In an ideal world, uncontaminated by partisanship and political agendas, academic researchers have much-needed qualifications and skills that can contribute to rational decision-making by the Federal Communications Commission (FCC). By law, the FCC has to combine its in-house expertise with a transparent and complete collection of evidence when establishing rules, regulations and policies. Sadly, the FCC’s “Notice and Comment” rulemaking proceedings rarely include filings from academic researchers lacking financial sponsorship from a stakeholder with the resources and incentives to steer the Commission to a preferred outcome. Absent a financial incentive, both tenured and tenure track professors eschew policy advocacy, largely because such efforts have little influence on the FCC and also generate limited recognition as academic contributions.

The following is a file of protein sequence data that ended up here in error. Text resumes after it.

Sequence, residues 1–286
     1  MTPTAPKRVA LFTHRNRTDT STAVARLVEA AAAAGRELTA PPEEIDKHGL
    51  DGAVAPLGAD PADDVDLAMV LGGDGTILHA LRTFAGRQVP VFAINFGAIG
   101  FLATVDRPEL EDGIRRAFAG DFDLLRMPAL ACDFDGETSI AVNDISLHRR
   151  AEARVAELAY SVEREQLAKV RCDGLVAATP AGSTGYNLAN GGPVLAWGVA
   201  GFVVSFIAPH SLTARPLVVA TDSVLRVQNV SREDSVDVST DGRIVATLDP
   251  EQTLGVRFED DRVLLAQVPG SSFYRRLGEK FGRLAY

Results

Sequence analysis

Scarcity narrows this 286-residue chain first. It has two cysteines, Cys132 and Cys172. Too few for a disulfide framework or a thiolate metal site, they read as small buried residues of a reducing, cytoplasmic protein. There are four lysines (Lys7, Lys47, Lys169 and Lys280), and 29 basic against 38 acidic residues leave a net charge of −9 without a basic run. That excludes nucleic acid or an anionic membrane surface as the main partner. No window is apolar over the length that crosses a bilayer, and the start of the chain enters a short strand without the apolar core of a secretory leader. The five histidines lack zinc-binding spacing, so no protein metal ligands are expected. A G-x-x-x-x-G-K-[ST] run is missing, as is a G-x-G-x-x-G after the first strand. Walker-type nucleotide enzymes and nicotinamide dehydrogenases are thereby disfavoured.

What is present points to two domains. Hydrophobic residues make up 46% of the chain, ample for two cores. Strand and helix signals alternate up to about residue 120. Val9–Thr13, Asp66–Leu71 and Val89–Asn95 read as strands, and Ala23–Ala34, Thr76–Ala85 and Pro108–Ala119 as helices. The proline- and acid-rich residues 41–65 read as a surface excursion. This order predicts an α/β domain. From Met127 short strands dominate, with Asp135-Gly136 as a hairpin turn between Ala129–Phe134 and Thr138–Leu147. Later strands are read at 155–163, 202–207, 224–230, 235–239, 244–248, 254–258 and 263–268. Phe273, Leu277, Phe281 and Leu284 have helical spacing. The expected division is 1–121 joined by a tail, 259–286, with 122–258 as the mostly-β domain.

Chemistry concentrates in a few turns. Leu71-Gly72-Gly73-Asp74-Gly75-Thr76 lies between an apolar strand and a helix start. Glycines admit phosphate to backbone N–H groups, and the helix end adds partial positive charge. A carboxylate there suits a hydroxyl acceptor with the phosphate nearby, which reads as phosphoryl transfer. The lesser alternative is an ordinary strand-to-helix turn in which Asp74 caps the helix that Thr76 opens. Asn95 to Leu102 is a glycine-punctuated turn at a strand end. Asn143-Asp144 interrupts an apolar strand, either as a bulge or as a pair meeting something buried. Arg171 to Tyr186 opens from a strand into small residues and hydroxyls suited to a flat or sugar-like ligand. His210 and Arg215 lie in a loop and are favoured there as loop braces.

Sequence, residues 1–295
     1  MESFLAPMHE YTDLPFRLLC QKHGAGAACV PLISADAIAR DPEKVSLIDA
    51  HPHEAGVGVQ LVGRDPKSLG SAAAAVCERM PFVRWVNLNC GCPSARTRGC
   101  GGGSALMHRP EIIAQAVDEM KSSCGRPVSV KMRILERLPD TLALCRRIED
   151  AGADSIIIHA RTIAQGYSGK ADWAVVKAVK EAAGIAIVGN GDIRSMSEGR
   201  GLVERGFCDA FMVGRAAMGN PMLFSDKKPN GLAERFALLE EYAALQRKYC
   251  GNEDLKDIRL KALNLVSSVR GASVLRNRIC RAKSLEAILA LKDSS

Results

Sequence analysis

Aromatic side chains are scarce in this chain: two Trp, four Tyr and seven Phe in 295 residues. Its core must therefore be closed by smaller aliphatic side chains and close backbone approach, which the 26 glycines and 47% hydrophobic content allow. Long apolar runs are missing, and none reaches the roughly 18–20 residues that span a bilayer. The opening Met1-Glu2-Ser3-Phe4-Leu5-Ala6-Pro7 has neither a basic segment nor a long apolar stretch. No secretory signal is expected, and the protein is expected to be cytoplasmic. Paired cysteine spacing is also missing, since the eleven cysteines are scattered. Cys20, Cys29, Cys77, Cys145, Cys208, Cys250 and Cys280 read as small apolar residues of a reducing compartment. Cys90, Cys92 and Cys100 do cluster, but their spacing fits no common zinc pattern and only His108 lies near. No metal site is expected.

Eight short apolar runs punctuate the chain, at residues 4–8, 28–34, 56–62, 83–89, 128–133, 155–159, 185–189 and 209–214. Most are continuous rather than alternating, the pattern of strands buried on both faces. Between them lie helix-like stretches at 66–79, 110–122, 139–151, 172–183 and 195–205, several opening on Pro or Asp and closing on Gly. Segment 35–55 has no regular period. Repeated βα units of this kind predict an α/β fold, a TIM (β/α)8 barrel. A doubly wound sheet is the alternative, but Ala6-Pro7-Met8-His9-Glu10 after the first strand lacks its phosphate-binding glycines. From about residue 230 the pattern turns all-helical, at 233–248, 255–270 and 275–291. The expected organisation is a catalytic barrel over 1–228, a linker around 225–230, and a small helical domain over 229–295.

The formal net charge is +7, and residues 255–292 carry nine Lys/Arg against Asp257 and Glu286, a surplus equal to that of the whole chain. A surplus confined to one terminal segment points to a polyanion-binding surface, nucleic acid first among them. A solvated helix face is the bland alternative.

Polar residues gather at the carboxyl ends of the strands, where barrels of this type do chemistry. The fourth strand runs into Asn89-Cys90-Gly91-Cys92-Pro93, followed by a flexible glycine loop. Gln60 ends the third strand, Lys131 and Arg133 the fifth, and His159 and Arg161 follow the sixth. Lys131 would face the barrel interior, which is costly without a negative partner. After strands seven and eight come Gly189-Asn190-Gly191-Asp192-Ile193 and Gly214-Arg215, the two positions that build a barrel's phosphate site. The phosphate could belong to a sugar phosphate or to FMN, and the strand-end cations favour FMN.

This essay will consider whether and how academic researchers might achieve a greater impact even when the FCC displays an inherent bias toward results-driven decision-making. With increasing regularity, the FCC generates and seeks empirical data that supports preferred or preordained policies.

For example, the Commission established a low bit rate threshold to support the conclusion that robust high-speed broadband competition exists in the United States. The Commission also sought to demonstrate that à la carte access to cable television programming would foist higher costs on consumers, but later reversed its position possibly because of reassessment of the political liabilities from its initial findings.

Additionally, stakeholders happily support the Commission’s agenda by sponsoring academic and consultant research and by submitting advocacy documents masquerading as rigorous in-house, academic or third party research. (…)

The full essay online:

IJoC – International Journal of Communication 2 (2008)